Security Installer

HomeSoftwareArchiveTop TipsGlossaryOther Stuff




When we first looked at the Philips TL24, 24-hour time lapse video recorder -- almost exactly a year ago -- we had one or two quibbles with it. It looks like someone was listening, its replacement the TL 24A is a very different kettle of fish…



It is immediately obvious that the Philips TL 24A is more than a simple facelift for the company's previous 24-hour time lapse VCR, the TL 24R. Some external features remain the same, like the centrally mounted Turbo Drive deck mechanism, but the front panel fascia has been completely revised. The basic specification is mostly unchanged, it has three recording modes -- 3-hours real time, 12 and 24-hour time-lapse, all with sound -- and the menu-driven on-screen display looks very familiar. Other features carried over from the TL 24R include pin-code operated security lock, programmable timer, variable speed playback and alarm functions. However, Philips has attended to some of the more serious operational shortcomings on TL 24R, in particular those concerning the alarm system, but more of that in a moment.


The numeric keypad has disappeared, and good thing too, it made the TL 24R difficult to set up and use. The jog shuttle control on the right side of the front panel is different; the transport keys and control buttons have been reorganised too. The display panel is smaller (though the actual digits are the same size and colour). Overall it looks much neater and the revised button layout definitely makes it easier to install and use.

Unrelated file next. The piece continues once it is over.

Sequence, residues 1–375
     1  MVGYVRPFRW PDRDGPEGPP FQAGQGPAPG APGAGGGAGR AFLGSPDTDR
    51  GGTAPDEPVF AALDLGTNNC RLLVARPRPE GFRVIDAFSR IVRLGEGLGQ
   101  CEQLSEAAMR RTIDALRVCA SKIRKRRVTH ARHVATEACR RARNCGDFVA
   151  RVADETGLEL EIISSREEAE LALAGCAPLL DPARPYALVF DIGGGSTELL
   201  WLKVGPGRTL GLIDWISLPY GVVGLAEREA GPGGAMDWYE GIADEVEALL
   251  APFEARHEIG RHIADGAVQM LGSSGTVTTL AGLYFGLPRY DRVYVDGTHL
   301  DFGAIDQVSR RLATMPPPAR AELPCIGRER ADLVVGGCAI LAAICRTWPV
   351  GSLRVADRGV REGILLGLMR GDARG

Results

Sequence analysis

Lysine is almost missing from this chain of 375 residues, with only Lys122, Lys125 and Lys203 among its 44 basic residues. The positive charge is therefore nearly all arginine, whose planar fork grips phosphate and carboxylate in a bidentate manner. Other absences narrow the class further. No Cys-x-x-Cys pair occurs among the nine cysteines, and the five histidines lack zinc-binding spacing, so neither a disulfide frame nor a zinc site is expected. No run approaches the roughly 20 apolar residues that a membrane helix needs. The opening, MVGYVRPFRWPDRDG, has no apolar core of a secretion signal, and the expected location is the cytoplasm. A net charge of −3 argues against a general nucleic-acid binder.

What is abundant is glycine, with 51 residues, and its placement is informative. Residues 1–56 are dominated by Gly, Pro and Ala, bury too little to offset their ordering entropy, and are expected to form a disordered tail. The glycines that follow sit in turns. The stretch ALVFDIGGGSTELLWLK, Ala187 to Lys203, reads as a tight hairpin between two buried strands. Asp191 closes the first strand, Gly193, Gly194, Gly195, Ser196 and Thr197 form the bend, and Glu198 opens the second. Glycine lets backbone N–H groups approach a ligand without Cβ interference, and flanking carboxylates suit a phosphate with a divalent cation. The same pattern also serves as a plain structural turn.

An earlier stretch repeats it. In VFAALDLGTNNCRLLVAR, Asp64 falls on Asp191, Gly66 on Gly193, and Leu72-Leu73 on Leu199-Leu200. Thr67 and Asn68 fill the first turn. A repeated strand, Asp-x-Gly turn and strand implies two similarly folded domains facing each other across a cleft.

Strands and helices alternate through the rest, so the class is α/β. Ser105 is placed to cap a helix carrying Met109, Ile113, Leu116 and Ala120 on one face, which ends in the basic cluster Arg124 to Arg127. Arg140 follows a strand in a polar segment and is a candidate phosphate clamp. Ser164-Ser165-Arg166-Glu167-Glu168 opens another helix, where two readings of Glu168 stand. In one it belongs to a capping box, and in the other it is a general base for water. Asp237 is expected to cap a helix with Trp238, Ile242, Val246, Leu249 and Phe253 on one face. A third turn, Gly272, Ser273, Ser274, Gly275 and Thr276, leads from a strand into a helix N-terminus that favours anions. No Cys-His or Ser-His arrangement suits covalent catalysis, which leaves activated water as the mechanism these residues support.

The only minor niggle is what appears to be an unlabelled button, adjacent to the eject button. If you press it, and inevitably you or someone else will, it goes in, and stays in. It's not a button at all, but a blanking plug. Doubtless the hole has a vital role on some other model that shares the same front panel moulding, but leaving it like that is crude and inelegant.


Around the back virtually nothing has changed from the TL 24R. There are two BNC sockets for composite video input and output, Phono/RCA sockets are used for audio in/out and there's a 21-pin SCART connector for the audio and video links to a monitor or camera. The only visible difference is the alarm terminal connector block, which used spring connectors on the earlier model, and now has screw fixings. Closer inspection reveals that an extra connection has been added in the shape of a record check input on pin 9. The remaining functions are the same however and include the alarm I/O, serial input and output (for switching recording on a second machine), plus connections for camera switcher sequencing and a tape-end alarm.


The initial set up is now a lot simpler and quicker. Pressing the menu button calls up the on-screen display (OSD). During normal operation the OSD shows time and date, plus recording mode, this data is recorded and to avoid it obscuring detail it can be moved to any one of the four corners of the screen. If the power supply is interrupted a flashing 'PL' (power loss) appears on the screen.